METTLER TOLEDO’s wide range of digital benchtop and portable refractometers measure refractive index and other related values, such as, Brix, invert sugar, HFCS42 or HFCS55 or other concentrations with high precision and a short measuring time.
Our portable refractometers provide automatic temperature compensation. They can be used in the lab or in the field, for instance for measuring Brix, Oechsle or the freezing point of ethylene glycol and propylene glycol/water mixtures .
Our benchtop refractometers have a built-in Peltier thermostat to accurately control the temperature so a water bath is not required. They can be connected to a density meter, spectrophotometer, pH meter, titrator or other instruments to measure several parameters simultaneously. Various automation units are available to further improve productivity.
Our expertise is available on a dedicated website www.refractometry.com (easy to remember), with videos, animations, webinars and a variety of applications for food & beverage, pharmaceuticals, chemicals, and other industries. Several workflow solutions show how to improve the accuracy of your measurement, avoid errors and increase the throughput.
How do digital refractometers work?
Digital refractometers use the critical angle principle to measure the refractive index, with the aid of a light-emitting diode, a sapphire prism and a high-resolution optical CCD sensor. Our interactive animation will show you how this works.
What do refractometers measure?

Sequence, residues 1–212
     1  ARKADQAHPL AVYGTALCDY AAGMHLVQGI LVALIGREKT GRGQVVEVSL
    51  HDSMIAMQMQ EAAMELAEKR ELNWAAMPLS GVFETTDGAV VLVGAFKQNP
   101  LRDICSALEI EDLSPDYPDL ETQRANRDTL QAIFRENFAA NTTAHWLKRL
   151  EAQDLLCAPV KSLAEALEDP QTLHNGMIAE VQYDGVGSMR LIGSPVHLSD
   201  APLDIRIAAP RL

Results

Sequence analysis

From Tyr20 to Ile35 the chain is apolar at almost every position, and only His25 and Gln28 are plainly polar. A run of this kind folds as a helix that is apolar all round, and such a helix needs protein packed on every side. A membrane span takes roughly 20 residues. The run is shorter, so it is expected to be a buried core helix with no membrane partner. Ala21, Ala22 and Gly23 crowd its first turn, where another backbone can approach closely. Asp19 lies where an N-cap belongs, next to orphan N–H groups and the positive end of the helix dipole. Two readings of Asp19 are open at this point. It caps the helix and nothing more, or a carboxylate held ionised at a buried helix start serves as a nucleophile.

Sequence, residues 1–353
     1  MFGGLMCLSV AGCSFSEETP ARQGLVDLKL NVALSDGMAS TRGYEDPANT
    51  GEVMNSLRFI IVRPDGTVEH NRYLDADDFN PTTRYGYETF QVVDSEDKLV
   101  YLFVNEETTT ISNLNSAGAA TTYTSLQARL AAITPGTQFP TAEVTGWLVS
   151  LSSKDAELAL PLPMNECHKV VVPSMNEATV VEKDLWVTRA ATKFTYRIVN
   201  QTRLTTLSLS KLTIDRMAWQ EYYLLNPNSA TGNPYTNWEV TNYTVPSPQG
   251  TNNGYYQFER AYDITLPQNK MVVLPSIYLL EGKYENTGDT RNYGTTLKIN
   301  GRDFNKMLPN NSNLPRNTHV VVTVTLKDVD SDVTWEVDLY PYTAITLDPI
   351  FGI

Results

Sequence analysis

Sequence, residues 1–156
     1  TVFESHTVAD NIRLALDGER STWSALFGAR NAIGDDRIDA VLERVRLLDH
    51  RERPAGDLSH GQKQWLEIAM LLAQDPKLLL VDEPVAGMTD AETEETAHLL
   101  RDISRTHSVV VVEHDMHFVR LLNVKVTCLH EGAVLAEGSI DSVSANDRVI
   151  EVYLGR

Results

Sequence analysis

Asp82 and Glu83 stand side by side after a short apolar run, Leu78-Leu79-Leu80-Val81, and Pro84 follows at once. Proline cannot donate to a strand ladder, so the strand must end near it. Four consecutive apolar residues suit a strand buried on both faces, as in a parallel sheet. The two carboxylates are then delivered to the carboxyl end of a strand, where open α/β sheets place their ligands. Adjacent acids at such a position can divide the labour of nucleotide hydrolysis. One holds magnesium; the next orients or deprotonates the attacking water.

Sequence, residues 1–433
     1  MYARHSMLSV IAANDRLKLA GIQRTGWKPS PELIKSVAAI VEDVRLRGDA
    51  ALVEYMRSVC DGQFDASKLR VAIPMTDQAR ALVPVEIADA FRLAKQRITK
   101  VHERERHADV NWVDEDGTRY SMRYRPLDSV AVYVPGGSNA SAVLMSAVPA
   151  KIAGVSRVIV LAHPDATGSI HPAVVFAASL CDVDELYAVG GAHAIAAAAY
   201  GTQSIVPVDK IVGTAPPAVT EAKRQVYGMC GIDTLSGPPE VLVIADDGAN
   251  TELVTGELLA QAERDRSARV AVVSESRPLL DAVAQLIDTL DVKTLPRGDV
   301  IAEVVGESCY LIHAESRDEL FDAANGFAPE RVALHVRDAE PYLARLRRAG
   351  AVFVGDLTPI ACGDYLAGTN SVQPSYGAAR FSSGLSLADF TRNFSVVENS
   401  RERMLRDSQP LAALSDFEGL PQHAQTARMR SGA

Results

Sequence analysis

Refractometers measure primarily the refractive index, a dimensionless number which describes how much light is bent, when entering a sample. This refractive index is often converted into other units (e.g. Brix, HFCS, %concentration) to give the corresponding information (Brix = sugar concentration, HFCS = Concentration of High Fructose Corn Syrup).
What are refractometers used for?
Refractometers are used in many areas to measure the physical property of a liquid, either to check a concentration (e.g. sugar concentration of grapes to estimate the alcohol level of a wine), to control incoming goods (check if the correct product has been delivered, before clearing it for production), to check the purity of a product (not diluted) or for final control of a finished product.
Do refractometers need calibration?
Yes, refractometers have to be calibrated once in a while. This is usually done with water, sometimes with Brix standards. It is recommended to perform a calibration only if the instrument has drifted. Regular testing with water, Brix standards or certified standards will detect any instrument drift.